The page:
The rainy season of the cordilleras commences in November, and continues until the end of March, and during most of that time the discomfort of travelling is so great, and the rivers so swollen, that a journey is seldom undertaken by an ordinary traveller. In March, however, the rain does not fall continuously or in any quantity. The early morning is generally clear, but in the afternoon mists, rain, or snow begin to fall, and continue until far into the night. From April until October is the dry season, and in May, June, July, and August a cloud is scarcely ever seen in the sky.

The post-houses in the desolate mountains between Arequipa and Puno are all of the same character. They consist of a range of low stone buildings surrounding a courtyard on three sides, and consisting of five or six rooms with mud floors, a rough table, and a platform of stone and mud at one end, which is intended for a bed-place. The roof is badly tiled or thatched, and the doors are so roughly fitted that it is impossible to close them. Both man and beast are subject to a most distressing illness, caused by the rarefaction of the air at these great altitudes, which is called sorochi by the Peruvians. I had suffered from a sharp attack of illness at Arequipa, so that I was probably predisposed to a visita[Pg 90]tion from sorochi, which I certainly endured to its fullest extent. Before arriving at Apo, a violent pressure on the head, accompanied by acute pain, and aches in the back of the neck, caused great discomfort, and these symptoms increased in intensity during the night at the Apo post-house, so that at three A.M., when we recommenced our journey, I was unable to mount my mule without assistance.

A ride of seven hours across grassy plains covered with herbage, with patches of snow here and there, and ranges of hills with fine masses of rocks, forming a setting to the distant peaks of the cordillera, brought us to the post-house of Pati. During this ride we had to ford the river, which flows past Arequipa as the Chile, more than a dozen times. The only living creatures are the lecca-leccas, a bird which frequents the numerous streams, and the graceful flocks of vicuñas. The lecca-lecca is a large plover, with red legs, white head, grey body, white under the breast and tail, and wings and tail broadly edged with black. It incessantly utters a wild shrill scream. The vicuñas, a species of llama with the habits of an antelope, are very beautiful and graceful creatures. They have rich fawn-coloured coats, with patches of white across the shoulders and inside the legs, and long slender necks. They are constantly met with in the most desolate parts of the cordillera, browsing on the tender shoots of the tufts of ychu, or galloping along with their noses close to the ground, as if they were scenting out the best pasture.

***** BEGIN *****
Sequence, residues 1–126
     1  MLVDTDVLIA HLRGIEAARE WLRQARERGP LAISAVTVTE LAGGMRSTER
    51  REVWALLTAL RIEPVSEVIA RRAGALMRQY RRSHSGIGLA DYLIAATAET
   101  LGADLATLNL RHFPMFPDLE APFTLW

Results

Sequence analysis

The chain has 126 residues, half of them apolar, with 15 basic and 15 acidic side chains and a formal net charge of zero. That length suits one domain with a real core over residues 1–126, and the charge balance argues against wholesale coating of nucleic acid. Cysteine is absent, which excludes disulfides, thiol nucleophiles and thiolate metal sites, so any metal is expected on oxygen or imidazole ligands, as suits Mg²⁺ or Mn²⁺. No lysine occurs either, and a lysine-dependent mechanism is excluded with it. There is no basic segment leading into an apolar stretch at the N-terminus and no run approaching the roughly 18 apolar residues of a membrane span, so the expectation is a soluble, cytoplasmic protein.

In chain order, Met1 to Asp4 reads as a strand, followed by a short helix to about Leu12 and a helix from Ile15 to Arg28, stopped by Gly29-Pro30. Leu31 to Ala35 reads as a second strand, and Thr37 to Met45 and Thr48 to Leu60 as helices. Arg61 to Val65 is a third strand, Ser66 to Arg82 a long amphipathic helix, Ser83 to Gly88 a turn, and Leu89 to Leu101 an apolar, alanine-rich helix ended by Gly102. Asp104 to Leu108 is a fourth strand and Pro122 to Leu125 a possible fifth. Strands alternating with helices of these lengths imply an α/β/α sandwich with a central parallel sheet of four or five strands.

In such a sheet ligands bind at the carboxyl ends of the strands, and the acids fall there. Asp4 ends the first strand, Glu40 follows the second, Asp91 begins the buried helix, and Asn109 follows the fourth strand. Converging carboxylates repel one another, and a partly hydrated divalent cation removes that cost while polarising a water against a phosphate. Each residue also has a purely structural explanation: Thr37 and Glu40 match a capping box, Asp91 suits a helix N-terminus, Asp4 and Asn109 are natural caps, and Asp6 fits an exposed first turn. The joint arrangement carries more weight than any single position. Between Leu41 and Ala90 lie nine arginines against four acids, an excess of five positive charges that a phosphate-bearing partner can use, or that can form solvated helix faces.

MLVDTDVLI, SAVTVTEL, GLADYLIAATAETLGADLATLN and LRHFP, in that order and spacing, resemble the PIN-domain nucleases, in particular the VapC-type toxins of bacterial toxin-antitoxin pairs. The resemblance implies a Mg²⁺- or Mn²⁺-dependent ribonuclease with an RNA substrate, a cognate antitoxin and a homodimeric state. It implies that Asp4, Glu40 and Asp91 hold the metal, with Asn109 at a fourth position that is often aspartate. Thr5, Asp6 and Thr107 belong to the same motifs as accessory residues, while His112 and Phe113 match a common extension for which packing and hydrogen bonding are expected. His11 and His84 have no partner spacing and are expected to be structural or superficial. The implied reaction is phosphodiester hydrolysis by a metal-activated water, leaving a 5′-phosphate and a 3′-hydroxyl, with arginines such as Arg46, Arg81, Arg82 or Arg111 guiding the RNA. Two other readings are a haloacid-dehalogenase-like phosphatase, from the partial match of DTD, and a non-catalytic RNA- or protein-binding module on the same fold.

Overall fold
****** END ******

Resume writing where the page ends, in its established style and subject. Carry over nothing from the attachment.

At Pati a range of abrupt porphyritic cliffs rises from the plain, up which a rough zigzag pass leads to the "Pampa de Confital,"[128] the loftiest part of the road over this pass of the cordillera. A storm of hail began to fall, which turned into snow as we reached the pampa, and a ride of many hours over a succession of wild desolate plains, in an incessant snow[Pg 91]-storm, brought us to the "alto de Toledo," the highest part of the road, and 15,590 feet above the level of the sea.[129] Some glorious snowy peaks appeared through the gloom at sunset, and after several weary hours in the darkness we at length arrived at the post-house of Cuevillas.

In the neighbourhood of Cuevillas there are large sheep-farms, one called Toroya, near the "alto de Toledo," and another called Tincopalca farther on. The sheep, at this enormous height, lamb in March and July, and, of the March lambs, usually about fifty per cent. survive. Beyond Cuevillas there are two large Alpine lakes, whence a river flows down into Titicaca, and we thus passed the watershed between the Pacific and the great lake. The scenery is grand and desolate, reminding me, in some respects, of the interior of Cornwallis Island in the Arctic regions. The road passes between the two lakes, and we reached the post-house of La Compuerta as the afternoon rain commenced. The hills are covered with tufts of coarse grass (Stipa ychu), of which the llamas eat the upper blades, while the sheep browse on the tender shoots underneath; and with two kinds of shrubby plants, one a thorny composita called ccanlli, and the other called tola or ccapo, which is a resinous Baccharis,[130] and is used for fuel.[131]